John F. Kennedy (1917-1963) US President (1961-63)
“Proclamation 3422 – American Education Week, 1961” (25 Jul 1961)
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The real “haves” are they who can acquire freedom, self-confidence, and even riches without depriving others of them. They acquire all of these by developing and applying their potentialities. On the other hand, the real “have nots” are those who cannot have aught except by depriving others of it. They can feel free only by diminishing the freedom of others, self-confident by spreading fear and dependence among others, and rich by making others poor.

Eric Hoffer (1902-1983) American writer, philosopher, longshoreman
The Passionate State of Mind, Aphorism 115 (1955)
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It is a mortifying reflection for any man to consider what he has done with what he might have done.

Samuel Johnson (1709-1784) English writer, lexicographer, critic
Comment

Quoted by Rev. Dr. Maxwell (1770), in James Boswell, The Life of Samuel Johnson (1791).
 
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Even in the most wretched being there is a tiny hook on which a thread of salvation could be fastened.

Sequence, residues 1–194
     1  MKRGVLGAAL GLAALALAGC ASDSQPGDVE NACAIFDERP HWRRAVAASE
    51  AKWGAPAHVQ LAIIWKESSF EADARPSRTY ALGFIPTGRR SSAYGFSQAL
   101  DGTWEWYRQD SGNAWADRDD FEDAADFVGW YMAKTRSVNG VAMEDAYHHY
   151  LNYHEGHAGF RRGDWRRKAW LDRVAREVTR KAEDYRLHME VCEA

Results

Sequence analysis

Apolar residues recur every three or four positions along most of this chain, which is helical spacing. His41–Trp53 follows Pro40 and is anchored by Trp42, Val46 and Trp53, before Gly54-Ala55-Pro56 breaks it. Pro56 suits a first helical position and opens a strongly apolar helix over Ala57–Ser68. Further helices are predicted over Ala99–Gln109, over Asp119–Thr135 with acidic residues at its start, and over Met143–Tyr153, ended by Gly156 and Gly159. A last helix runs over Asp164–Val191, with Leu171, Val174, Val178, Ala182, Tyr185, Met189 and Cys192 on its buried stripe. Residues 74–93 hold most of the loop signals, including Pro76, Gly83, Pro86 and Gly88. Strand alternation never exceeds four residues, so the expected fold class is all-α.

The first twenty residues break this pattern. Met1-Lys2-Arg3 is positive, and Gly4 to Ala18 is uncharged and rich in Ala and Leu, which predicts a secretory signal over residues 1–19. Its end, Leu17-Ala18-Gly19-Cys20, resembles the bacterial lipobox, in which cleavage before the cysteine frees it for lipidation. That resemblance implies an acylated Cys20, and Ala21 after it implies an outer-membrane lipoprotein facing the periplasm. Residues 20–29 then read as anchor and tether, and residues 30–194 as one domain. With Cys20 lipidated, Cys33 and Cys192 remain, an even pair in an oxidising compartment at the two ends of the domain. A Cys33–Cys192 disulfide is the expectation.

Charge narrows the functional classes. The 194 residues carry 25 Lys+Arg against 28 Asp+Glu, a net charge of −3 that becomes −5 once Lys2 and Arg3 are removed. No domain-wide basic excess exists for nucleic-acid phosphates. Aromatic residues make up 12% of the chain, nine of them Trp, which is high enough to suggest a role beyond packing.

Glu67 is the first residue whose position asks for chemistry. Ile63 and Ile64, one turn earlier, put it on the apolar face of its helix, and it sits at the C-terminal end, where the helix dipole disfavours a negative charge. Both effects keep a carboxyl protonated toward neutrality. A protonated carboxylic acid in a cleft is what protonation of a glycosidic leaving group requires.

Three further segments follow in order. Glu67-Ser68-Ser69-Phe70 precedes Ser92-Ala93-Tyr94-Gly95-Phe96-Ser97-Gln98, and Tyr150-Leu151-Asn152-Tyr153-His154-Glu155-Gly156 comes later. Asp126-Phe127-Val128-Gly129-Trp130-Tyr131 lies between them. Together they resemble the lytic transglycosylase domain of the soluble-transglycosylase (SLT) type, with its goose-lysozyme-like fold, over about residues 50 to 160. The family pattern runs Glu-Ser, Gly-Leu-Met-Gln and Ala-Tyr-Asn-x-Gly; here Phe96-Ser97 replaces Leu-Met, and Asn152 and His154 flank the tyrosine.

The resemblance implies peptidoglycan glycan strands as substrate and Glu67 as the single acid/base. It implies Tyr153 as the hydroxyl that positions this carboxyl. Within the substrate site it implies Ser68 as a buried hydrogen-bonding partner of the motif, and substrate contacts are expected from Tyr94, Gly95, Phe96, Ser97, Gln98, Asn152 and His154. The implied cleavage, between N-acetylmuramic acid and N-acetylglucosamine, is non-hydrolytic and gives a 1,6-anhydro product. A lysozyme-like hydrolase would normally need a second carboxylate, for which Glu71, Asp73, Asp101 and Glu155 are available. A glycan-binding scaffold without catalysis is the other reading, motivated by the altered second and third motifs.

Marie von Ebner-Eschenbach (1830-1916) Austrian writer
Aphorisms [Aphorismen] (1880) [tr. Scrase and Mieder (1994)]
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We are not powerless. We have tremendous potential for good or ill. How we choose to use that power is up to us; but first we must choose to use it. We’re told every day, “You can’t change the world.” But the world is changing every day. Only question is … who’s doing it? You or somebody else?

J. Michael (Joe) Straczynski (b. 1954) American screenwriter, producer, author [a/k/a "JMS"]
rec.arts.sf.tv.babylon5.moderated, “At The Midpoint (Spoilers for everything)” (7 Apr 1995)
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Conservatism stands on man’s incontestable limitations; reform on his indisputable infinitiude.

Ralph Waldo Emerson
Ralph Waldo Emerson (1803-1882) American essayist, lecturer, poet
“The Conservative,” lecture, Boston (1841-12-09)
 
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POET: The fire i’the flint
Shows not till it be struck.

Shakespeare
William Shakespeare (1564-1616) English dramatist and poet
Timon of Athens, Act 1, sc. 1, l. 28ff (1.1.28-29) (1606) [with Thomas Middleton]
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Because your own strength is unequal to the task, do not assume that it is beyond the powers of man; but if anything is within the powers and province of man, believe that it is within your own compass also.